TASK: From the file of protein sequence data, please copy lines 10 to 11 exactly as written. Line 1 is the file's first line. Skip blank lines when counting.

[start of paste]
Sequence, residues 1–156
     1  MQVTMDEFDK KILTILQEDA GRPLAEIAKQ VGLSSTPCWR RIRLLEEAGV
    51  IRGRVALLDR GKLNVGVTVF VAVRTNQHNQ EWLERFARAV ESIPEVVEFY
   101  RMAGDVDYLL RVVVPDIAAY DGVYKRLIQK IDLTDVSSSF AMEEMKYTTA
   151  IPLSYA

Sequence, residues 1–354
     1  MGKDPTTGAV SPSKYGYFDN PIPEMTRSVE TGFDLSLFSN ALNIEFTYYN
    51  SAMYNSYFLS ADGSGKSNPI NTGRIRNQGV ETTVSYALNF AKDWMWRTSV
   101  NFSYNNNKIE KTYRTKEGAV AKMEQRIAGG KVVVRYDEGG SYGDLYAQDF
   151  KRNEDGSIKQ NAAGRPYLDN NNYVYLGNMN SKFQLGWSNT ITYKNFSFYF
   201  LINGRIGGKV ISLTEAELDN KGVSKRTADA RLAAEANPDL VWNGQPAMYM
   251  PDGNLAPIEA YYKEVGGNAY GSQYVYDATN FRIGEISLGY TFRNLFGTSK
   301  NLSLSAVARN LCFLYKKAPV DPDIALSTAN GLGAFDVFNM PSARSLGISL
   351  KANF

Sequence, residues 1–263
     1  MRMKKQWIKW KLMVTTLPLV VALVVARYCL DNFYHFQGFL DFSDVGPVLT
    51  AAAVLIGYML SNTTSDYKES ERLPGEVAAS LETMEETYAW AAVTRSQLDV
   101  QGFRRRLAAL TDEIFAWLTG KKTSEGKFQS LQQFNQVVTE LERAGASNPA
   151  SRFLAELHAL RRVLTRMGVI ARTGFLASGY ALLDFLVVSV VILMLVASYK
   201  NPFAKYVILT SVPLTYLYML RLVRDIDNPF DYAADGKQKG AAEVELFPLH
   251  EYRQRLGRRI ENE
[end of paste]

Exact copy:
   151  KRNEDGSIKQ NAAGRPYLDN NNYVYLGNMN SKFQLGWSNT ITYKNFSFYF
   201  LINGRIGGKV ISLTEAELDN KGVSKRTADA RLAAEANPDL VWNGQPAMYM